Formed 2004 ... Herts 7s U14 Runners-up 2005 ... North Herts U14 team, Herts Youth Games 2005 runners-up (coached by Letchworth)... Herts Superteams U14 Runners-up 2005 ... Herts SuperTeams "Fairplay" winners 2006 ... Rochford 10s U17 Champions 2006 ... East Midlands 10s U17 Runners-up 2007 ... East Midlands 10s U17 "Fairplay" winners 2007 ... National 10s U17 5th place and "Fairplay" winners 2007 ... Herts 7s U17 Plate runners-up 2007 ... National 7s U17 Plate winners 2007 ... RFU "President's XV" Award winners 2007 ... Herts Superteams winners 2007 ... Midlands 10s U18 Runners-up 2008 ... National 10s U18 4th place 2008 ... North Herts U11 team, Herts Youth Games 2008 runners-up (coached by Letchworth girls) ... London and SE 7s U18 Plate runners-up 2008 ... Herts 7s U18s runners-up 2008 ... National 7s U18s quarter-finalists 2008 ... Gloucester City 10s U18 Bowl runner-up (6th) 2009 ... Worthing 10s U18 Plate runner-up 2009 ... National 7s U18 Plate winners 2009... Worthing 10s U15 Plate winners 2010... Worthing 10s U18 Shield winners 2010... Herts 7s U15 and U18 Bowl runners-up 2010... National 7s U18 Plate runners-up 2010...

Thursday, February 17, 2011

Rugger Girls: Part 9 - the first French national team


Ninth chapter of the summary of the history of women's rugby, from the book "Rugger Girls"("Des Filles en Ovalie"), written by Jacques B. Corti and Yaneth Pinilla Foreword by Serge Betsen. Published weekly(ish) by French women's rugby blog Des Filles en Ovalie.

At the 1982 AFRF General Assembly, Nadine Leterre, who had elected two years before by Tulle Women, proposed to implement an idea that had been in the air for several seasons: the creation of the French national team. And this time the dream did not remain in draft - just weeks later the first international match took place. On June 3, 1982, in Utrecht, Holland hosted France. The little French, led by Jackie Leterre and Claude Izoard, won 0-4.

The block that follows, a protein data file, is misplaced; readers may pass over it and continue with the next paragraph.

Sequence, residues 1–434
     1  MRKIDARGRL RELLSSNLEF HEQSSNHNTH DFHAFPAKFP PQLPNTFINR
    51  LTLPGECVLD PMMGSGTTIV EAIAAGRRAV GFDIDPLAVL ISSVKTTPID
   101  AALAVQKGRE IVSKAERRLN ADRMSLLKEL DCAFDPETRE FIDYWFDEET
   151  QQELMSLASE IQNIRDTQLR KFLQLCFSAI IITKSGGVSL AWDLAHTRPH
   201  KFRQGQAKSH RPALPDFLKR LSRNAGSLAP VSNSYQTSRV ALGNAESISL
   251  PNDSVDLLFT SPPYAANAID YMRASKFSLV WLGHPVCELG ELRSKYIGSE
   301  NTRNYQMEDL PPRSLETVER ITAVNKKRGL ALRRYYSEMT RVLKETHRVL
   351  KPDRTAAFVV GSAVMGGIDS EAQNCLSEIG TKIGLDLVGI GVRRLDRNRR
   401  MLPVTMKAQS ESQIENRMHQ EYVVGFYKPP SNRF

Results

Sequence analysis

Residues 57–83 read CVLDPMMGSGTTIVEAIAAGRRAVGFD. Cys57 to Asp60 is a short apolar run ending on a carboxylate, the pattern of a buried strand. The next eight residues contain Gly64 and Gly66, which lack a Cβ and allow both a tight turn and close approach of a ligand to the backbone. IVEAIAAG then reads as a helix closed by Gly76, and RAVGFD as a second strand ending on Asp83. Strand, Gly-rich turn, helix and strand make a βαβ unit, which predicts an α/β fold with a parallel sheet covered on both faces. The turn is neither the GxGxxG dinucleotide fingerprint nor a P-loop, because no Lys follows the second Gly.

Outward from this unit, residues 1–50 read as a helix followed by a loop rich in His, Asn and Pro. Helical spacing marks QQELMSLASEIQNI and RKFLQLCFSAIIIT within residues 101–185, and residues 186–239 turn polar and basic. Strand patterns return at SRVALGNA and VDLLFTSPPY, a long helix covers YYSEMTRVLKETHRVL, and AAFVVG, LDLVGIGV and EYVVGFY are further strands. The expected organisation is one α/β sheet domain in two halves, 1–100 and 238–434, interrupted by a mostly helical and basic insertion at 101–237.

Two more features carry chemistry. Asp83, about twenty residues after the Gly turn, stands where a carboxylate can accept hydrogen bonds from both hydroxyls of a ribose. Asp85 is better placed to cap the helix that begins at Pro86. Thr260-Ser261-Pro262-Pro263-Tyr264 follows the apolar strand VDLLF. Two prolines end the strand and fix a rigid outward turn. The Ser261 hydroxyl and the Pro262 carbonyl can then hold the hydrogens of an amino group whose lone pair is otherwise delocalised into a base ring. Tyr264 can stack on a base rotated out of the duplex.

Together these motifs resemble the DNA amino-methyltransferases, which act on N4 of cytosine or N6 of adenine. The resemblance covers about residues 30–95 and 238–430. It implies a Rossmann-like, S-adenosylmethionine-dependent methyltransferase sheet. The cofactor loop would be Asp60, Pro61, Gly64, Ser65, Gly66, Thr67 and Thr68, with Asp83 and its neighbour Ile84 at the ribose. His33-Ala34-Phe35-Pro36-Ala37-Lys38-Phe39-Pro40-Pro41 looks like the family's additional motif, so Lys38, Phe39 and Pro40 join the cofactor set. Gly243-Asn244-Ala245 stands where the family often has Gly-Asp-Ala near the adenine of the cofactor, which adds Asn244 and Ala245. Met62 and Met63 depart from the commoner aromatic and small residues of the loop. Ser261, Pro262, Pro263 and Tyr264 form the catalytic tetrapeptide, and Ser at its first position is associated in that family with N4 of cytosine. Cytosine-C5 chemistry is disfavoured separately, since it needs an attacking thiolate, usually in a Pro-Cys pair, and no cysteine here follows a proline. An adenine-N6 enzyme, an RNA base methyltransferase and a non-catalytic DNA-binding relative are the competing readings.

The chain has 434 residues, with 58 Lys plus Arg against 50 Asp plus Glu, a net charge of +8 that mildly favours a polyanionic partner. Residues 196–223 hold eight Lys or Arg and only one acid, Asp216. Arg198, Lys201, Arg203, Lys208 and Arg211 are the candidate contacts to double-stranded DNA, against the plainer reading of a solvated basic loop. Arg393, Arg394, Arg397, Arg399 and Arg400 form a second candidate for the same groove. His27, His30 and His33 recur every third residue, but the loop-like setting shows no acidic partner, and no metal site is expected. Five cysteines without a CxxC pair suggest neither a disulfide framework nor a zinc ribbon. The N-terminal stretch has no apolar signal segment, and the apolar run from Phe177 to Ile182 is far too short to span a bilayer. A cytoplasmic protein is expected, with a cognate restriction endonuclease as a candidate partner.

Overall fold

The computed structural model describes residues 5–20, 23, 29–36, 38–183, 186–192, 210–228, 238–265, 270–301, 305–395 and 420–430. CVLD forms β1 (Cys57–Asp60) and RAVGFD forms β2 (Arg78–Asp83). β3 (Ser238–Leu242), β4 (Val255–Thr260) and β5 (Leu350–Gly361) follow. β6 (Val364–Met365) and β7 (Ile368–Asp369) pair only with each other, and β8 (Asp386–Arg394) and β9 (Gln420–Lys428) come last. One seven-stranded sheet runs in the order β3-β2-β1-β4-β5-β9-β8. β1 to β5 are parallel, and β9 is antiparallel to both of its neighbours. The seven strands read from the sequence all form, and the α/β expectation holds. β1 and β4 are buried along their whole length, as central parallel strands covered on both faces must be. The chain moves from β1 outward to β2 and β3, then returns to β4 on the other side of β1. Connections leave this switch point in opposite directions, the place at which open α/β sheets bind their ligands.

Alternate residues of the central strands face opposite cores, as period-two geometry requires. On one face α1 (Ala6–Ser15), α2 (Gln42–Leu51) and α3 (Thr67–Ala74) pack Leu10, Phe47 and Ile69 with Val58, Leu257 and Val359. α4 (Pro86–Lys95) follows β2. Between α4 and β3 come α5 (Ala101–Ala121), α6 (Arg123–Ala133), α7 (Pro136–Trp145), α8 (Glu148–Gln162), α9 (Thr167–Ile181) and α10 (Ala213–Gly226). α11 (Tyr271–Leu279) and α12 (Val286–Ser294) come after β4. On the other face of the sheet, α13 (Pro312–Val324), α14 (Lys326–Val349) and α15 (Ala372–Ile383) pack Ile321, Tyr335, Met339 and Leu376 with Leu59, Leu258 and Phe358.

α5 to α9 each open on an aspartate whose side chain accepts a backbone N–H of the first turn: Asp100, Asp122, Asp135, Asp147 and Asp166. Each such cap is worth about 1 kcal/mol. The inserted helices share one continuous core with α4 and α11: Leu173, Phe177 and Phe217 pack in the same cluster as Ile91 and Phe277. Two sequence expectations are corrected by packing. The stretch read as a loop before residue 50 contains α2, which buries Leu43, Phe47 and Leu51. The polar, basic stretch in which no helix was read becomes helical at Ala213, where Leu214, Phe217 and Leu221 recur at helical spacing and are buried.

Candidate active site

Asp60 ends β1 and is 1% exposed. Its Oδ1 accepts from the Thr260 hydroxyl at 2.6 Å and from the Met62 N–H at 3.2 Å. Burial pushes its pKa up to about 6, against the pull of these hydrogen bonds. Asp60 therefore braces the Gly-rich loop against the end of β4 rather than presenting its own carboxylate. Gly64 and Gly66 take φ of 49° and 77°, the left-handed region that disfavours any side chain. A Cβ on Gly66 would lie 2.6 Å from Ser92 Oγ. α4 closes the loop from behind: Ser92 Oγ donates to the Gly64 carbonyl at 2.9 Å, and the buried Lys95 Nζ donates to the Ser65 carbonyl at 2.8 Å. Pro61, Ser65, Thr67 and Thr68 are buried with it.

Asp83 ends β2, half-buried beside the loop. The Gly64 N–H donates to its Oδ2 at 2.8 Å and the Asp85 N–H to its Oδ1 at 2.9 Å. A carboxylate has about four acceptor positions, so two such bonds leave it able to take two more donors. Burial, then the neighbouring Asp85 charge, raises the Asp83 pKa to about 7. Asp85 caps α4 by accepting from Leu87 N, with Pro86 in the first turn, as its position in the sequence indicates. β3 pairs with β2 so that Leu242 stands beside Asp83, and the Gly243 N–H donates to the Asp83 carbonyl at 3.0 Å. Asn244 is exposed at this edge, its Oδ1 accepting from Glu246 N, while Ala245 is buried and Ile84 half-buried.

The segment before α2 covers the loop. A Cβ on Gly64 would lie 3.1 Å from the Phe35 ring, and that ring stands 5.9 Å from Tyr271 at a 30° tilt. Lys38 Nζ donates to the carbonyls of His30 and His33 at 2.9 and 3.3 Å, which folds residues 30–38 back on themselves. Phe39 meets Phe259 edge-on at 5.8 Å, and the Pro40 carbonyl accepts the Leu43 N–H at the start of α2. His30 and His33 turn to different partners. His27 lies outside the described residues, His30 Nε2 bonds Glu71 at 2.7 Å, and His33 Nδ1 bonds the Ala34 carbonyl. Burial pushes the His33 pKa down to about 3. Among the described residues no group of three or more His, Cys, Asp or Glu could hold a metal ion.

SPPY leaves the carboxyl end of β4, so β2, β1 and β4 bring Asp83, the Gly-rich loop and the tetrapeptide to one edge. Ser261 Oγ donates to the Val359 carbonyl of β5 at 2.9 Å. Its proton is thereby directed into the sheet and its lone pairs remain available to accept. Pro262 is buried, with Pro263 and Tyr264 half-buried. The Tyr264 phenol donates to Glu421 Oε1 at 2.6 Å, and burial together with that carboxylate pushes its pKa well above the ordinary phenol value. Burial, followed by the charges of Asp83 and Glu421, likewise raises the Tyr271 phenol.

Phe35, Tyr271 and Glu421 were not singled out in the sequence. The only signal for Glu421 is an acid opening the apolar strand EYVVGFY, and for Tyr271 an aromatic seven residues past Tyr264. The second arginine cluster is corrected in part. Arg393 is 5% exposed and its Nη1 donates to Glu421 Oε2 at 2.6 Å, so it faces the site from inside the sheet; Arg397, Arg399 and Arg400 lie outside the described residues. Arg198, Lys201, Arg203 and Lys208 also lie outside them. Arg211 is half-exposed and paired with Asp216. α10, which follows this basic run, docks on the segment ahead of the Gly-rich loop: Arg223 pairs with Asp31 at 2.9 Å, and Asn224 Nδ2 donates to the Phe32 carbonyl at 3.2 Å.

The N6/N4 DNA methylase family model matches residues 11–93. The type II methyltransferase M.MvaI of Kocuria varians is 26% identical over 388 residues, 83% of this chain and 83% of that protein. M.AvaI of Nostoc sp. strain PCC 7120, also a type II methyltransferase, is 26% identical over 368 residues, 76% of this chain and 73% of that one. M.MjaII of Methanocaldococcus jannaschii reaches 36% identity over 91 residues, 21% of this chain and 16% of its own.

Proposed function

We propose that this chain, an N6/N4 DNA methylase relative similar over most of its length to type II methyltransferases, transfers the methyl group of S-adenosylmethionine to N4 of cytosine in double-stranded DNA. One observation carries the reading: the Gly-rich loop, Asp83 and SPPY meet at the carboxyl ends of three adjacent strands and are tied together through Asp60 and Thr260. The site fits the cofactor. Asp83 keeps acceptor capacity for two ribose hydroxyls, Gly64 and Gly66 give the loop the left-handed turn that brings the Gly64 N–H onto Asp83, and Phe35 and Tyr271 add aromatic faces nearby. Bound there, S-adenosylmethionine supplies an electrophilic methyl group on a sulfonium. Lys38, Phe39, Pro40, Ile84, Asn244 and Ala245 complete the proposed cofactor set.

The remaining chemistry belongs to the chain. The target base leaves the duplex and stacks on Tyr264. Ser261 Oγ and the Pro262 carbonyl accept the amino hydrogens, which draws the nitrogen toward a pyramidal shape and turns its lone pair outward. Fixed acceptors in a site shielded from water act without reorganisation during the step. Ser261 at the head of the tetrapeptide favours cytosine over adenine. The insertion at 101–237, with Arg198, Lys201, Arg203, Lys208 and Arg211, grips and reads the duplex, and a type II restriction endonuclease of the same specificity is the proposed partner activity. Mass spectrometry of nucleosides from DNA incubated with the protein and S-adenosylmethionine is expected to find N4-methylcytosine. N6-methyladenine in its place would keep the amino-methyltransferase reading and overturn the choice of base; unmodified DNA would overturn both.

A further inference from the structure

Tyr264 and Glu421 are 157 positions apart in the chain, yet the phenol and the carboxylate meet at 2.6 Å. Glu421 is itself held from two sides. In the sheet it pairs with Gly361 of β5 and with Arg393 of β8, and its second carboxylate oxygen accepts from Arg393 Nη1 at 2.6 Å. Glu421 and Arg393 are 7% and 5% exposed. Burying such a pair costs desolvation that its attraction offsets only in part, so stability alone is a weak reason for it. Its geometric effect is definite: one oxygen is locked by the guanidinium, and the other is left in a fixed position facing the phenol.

"From the beginning we had an rough plan. We needed to be familiar with the women and girls playing rugby. And they wanted to know how to develop their game technically," said Jacky Laterre, more than twenty years later. "We worked in closely with the club coaches," remembers Claude Izoard, "trying to find a central place  that girls could make, travelling as few kilometers as possible."

The international games continued. In May 27 1984 in Hilversum the Netherlands defeated France 0-3, but for this game there was a small novelty: the girls got a navy blue tracksuit and shirts which they decided to decorate, sewing on a badge. That of AFRF (not FFR!).

The following year the first meeting took place against the English*. In Richmond, the French maintained their dominance in Europe by beating the first women's representatives of Perfidious Albion 8 to 14.

Extract from the book "Des Filles en Ovalie", Editions Atlantica (2005), Written by Jacques Corte / Yaneth Pinilla B. Foreword by Serge Betsen.

*NOTE: Actually, Des Filles en Ovalie is a little incorrect here. The game took place 19th April 1986 (not 1985), and the team France played in Richmond was Great Britain (you can read a match report here). England would not play their first international until 1987, and did not meet France until the semi-final of the first World Cup in 1991.

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